Back when I worked for a large bank my manager – a shrewd thinker – was asked what he would do to the IT infrastructure if he had infinite time and money. His answer was that he’d tear it all down and start again. When 9/11 destroyed many buildings in lower Manhattan, some organisations had to do just this.

It’s an interesting thought-exercise because you arrive at a different target state when you think this way, than when you start with an existing set-up and incrementally change your environment.

From what I’ve seen of cloud transformations across different organisations, I’ve found five key areas you need to consider, that are difficult, oft-neglected areas. The way you approach these five depends very much on whether you are starting from scratch or not.

I’ll deep-dive into them in future posts but for now a brief summary (with no particular priority):

1. Identity

Now that platforms, systems, devices etc. are outside your network, how do you identify and provisions users? How do you make sure it’s only Jim who is accessing his iPad and using an approved SaaS provider that uses data from a core internal system? How do you deprovision him and his access when he leaves one Friday to go work at a competitor? The management of identity in the new era requires new platforms and skills. When this area is ignored you start to lose control pretty quickly.

2. Network

Networks used to be like medieval castles. There was a big wall with guards and a few entrances. Legacy networks were built on this paradigm. But today your device could physically be on a public network whilst logically on a companies network. You could be logically managing your network on someone else’s infrastructure (think AWS VPCs). Some applications will be hosted externally and require access to internal systems.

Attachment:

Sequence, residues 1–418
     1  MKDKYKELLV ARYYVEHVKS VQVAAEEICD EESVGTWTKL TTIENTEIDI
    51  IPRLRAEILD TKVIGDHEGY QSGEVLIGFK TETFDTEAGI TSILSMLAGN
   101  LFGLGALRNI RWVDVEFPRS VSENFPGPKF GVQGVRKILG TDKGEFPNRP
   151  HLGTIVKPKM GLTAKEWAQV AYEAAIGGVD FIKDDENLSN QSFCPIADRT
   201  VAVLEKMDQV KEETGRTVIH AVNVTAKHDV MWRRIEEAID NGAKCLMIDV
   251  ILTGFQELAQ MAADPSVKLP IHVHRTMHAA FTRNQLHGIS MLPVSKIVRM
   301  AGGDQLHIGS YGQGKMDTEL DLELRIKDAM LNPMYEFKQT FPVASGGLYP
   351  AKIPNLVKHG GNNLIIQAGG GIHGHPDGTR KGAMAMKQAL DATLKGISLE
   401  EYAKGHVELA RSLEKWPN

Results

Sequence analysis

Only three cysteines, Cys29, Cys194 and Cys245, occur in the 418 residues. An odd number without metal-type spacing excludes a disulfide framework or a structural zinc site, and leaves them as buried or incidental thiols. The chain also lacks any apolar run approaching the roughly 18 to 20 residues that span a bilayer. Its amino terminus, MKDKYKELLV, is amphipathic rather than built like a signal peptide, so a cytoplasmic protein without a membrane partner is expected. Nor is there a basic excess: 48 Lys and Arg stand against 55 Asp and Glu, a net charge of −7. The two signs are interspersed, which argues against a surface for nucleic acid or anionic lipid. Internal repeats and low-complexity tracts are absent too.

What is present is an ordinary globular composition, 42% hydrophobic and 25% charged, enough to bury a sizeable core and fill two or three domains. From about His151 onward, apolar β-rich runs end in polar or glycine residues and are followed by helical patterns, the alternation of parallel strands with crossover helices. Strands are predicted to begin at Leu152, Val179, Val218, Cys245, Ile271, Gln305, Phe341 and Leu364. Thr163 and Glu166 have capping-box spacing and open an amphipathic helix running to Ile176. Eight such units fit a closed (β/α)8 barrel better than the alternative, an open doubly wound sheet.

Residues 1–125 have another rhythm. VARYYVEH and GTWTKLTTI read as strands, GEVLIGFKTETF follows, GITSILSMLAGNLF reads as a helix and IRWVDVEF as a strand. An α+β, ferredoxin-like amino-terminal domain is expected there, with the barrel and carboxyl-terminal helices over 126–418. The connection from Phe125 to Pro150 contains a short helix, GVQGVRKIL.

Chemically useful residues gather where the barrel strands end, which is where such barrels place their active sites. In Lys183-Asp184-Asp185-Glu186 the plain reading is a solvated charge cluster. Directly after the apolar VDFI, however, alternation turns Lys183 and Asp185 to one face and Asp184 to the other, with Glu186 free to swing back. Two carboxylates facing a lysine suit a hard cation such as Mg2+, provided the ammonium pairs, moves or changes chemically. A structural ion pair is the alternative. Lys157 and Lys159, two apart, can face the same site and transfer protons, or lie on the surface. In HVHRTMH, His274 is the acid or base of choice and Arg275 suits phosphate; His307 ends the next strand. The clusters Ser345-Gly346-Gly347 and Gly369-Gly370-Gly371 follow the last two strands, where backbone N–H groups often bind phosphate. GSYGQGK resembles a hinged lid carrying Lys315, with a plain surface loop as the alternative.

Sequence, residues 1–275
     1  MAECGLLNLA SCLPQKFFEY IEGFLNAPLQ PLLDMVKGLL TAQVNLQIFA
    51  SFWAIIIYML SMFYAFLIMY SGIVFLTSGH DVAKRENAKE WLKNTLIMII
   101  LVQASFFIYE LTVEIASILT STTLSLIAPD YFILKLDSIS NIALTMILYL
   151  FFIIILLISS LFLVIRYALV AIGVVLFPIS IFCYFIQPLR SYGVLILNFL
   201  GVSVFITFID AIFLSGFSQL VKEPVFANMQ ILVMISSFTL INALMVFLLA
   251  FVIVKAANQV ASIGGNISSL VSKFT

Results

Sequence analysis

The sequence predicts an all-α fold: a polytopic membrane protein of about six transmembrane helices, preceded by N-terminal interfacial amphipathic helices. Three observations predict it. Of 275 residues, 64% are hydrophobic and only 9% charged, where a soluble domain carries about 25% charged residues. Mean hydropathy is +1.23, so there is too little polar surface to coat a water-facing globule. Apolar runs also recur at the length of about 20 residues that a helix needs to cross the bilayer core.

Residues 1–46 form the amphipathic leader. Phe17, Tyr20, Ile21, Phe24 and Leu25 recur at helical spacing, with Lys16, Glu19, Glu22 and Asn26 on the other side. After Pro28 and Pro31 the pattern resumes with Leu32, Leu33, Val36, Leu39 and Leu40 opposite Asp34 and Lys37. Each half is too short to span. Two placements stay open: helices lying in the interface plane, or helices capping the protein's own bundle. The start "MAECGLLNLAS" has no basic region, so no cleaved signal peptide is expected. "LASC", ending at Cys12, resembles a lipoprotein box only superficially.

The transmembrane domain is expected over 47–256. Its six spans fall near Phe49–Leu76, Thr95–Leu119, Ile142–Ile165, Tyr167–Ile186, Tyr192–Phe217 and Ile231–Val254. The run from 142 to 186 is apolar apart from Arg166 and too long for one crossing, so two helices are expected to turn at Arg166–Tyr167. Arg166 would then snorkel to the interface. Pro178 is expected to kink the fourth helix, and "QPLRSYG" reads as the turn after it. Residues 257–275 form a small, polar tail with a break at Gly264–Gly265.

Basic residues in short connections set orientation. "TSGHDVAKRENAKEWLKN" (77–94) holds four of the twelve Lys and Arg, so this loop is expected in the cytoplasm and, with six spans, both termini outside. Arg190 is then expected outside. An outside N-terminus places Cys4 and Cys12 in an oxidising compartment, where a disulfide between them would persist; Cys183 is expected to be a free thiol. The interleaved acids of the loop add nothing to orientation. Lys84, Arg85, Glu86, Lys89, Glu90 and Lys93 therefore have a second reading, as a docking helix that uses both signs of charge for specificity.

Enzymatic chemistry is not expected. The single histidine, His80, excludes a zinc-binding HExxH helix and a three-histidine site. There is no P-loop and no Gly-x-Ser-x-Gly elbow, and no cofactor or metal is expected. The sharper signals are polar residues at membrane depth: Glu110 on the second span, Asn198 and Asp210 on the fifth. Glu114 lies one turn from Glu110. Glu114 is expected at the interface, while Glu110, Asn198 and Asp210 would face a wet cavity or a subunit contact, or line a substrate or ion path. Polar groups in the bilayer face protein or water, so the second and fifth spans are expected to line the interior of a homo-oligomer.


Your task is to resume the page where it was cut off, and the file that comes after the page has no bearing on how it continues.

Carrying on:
The medieval city has lost its walls and people are roaming freely. Your data assets need to be locked in suitable safes in different towers, with access by appointment only.


FIVE – Photo Friday (Andrew Morrell via Flickr)

3. Service Management.

Service Management is not sexy. Remember all the guys who won awards and got ‘5’s on their balanced, normalised, bell-curve yearly performance review/scorecard? Never happened.

Problem, Incident, Change management etc., that is ITIL stuff, is still important but now the configuration items you manage could be somewhere else. There are externally hosted partners responsible for parts of your service.

You will need to agree with them how to manage and measure the service levels of their components. And they will have their own service management platform and processes (hopefully). Where are the demarcation lines and how do these service management platforms share data? When a major incident occurs how do you know that everyone has the same information and is working in a coherent fashion?

4. Integration

I heard this best described at a vendor demonstration. Systems of record are being separated from systems of engagement. In the past you had a monolithic system that was both a system of record and engagement.

Today, a system of engagement could be a SaaS provider or a mobile App. How do you get data from one to the other? Also externally hosted systems may need access to core company data. Previously you may have had to integrate platforms across an internal network. Now you need to integrate platforms across many providers and geographies.

5 Vendor Management

Vendor management in the old world was somewhat different to the new. The new world is fluid with expectations of quick on-boarding and off-boarding. The market is bigger with many diverse providers rather than the usual chosen few. There are considerations about data sovereignty, off-boarding etc. that you have never had to consider before. There has to be more collaboration between technology teams and procurement teams to understand how these external solutions work and protect data.

That’s my big five. I haven’t included anything about the server platform, orchestration, storage etc., because I think there’s less impact if you stuff them up. You can always adapt. If you get my five wrong, the consequences are significant. And across all of these big five you need to consider security as well.

As always, thoughts in the comments below.